Granted. I do not quarrel with them because they think him great, but they quarrel with me because I think him funny. In the Louvre there is a famous nameless Botticelli. It is a picture of a long, lank lady in a reclining posture. She might be called ‘the telescopic lady’, because she looks as if her lower limbs had been elongated by the cherub at her feet. I respect honest convictions, but I very much doubt at times the sincerity of the Botticellians. Many of them are young women with half-formed ideas, and most of their ideas seem to me to be second-hand. Their ideas are other people’s ideas. They think other people’s thoughts. They admire to order. They read Ruskin and rave Ruskinese. From my attempts to read Ruskin I always believed that his mind was affected. My belief was verified when, some years ago, he went crazy and remained so till his death.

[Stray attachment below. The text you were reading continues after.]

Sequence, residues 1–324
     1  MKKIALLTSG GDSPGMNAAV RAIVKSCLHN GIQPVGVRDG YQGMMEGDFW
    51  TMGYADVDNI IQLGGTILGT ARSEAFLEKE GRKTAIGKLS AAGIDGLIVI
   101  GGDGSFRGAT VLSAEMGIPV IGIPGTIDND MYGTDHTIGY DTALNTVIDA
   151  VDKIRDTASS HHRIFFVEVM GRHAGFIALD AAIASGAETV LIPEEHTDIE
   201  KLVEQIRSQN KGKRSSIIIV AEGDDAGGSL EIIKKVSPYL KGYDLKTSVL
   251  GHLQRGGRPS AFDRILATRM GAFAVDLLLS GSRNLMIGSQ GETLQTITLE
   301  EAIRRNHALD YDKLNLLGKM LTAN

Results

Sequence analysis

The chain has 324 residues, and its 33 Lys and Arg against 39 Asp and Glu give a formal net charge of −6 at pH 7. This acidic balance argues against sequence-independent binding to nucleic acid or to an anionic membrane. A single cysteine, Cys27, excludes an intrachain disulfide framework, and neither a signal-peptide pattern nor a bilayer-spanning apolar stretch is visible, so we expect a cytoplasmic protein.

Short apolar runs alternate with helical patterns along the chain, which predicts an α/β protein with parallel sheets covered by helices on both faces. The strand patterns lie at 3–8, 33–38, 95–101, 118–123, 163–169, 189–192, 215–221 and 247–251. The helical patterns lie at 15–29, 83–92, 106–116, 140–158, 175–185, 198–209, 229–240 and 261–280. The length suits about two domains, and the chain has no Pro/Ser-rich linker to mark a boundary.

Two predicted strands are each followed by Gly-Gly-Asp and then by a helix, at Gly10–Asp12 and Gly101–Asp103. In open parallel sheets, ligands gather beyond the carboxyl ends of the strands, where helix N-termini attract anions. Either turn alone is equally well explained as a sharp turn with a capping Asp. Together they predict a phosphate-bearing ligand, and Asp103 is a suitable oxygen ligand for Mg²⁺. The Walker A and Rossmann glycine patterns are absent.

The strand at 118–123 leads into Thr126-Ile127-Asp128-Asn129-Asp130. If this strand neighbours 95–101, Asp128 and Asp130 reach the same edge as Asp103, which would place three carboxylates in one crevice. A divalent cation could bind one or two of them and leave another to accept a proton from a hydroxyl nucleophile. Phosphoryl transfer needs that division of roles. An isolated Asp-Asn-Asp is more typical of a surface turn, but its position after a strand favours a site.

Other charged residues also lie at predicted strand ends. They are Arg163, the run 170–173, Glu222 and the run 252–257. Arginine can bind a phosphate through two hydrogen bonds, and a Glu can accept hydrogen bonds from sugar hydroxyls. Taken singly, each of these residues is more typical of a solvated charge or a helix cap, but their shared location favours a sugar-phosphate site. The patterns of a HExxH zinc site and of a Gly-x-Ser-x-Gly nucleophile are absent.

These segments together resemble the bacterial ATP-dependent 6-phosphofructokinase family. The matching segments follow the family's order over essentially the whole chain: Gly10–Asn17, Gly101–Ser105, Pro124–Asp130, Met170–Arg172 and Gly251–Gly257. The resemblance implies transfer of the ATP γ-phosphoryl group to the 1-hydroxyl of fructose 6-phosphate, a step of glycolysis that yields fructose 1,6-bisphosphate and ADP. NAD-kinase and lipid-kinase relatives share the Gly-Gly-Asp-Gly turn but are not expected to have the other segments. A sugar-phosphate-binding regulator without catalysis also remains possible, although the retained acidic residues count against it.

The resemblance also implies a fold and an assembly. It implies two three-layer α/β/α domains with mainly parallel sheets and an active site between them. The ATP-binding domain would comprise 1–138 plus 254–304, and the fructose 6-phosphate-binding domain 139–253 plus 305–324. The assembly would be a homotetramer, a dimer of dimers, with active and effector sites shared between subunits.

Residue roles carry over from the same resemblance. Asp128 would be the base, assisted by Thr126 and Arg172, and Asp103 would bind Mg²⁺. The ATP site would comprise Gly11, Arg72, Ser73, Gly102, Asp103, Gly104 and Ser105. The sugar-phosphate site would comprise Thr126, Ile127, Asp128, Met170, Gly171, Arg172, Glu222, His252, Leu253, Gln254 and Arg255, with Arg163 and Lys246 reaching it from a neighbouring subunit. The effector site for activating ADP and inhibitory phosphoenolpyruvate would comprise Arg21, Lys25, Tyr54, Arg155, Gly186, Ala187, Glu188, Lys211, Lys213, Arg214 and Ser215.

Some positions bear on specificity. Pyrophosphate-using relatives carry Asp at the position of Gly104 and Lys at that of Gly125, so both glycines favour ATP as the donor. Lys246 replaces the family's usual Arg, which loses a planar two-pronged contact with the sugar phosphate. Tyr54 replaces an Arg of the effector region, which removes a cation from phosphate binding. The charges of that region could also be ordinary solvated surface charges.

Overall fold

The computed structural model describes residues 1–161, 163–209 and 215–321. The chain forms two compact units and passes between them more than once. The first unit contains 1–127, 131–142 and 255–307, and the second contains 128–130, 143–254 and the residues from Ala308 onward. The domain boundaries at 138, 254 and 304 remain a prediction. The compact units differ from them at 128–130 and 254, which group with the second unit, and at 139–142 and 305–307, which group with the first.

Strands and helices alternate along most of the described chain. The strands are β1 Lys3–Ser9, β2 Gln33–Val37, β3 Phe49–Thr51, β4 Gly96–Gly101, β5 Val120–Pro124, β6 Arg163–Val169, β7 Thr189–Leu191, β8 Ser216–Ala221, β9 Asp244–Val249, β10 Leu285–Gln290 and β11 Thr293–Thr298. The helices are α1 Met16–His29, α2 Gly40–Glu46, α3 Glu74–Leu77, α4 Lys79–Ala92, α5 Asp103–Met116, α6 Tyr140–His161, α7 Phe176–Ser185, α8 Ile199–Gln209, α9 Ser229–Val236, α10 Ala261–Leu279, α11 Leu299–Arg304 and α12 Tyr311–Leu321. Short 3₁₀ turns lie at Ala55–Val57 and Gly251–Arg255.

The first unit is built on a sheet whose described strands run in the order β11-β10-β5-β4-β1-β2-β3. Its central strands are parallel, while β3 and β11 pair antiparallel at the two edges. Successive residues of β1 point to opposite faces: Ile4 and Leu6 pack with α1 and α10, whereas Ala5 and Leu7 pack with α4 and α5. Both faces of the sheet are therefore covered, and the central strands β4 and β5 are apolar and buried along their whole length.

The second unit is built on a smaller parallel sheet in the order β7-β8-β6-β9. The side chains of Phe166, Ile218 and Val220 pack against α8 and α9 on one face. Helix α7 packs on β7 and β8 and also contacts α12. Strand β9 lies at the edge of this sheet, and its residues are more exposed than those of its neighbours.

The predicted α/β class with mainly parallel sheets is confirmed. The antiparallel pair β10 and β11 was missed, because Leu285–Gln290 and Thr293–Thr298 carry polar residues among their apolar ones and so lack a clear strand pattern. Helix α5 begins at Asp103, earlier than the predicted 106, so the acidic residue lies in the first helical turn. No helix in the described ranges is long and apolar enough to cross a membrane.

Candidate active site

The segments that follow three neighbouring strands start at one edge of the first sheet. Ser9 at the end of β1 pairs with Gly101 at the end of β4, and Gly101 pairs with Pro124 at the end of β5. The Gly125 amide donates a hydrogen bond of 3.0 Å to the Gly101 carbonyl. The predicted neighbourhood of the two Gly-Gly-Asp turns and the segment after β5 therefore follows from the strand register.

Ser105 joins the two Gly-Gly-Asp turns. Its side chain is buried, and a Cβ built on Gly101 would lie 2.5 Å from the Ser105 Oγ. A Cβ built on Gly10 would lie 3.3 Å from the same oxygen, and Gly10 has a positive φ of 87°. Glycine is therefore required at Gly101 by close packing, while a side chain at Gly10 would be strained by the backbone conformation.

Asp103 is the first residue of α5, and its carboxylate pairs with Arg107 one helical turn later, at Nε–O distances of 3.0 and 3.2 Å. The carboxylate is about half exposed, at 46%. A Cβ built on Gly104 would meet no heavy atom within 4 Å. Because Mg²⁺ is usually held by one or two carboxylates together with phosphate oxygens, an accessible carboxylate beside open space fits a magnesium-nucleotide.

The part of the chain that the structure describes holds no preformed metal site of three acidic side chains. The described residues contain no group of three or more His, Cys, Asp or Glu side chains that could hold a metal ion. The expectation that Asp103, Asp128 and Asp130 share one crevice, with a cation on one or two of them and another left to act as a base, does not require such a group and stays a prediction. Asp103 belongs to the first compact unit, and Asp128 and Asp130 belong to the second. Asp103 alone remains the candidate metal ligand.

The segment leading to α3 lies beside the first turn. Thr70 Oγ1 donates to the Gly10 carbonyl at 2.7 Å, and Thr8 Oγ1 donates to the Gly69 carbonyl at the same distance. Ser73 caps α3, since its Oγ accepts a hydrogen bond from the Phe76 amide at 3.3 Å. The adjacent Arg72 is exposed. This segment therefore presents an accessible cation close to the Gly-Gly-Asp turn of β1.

The crude realism of artists of this school seems to me almost like Indian picture-writing. In the monastery of San Marco in Florence there are a number of wall-pictures by Fra Angelico. In one cell there is a picture of the scene in the stable in Bethlehem. The Virgin and two saints are kneeling in an adoring attitude, gazing at the infant Jesus lying on the ground. The figures are all ridiculous, and that of the infant Jesus is the most ridiculous of all. But as if to give the finishing touch to this study of the religio-ludicrous, the heads of an intelligent ox and of an intelligent ass are protruded from a box-stall at the back of the stable.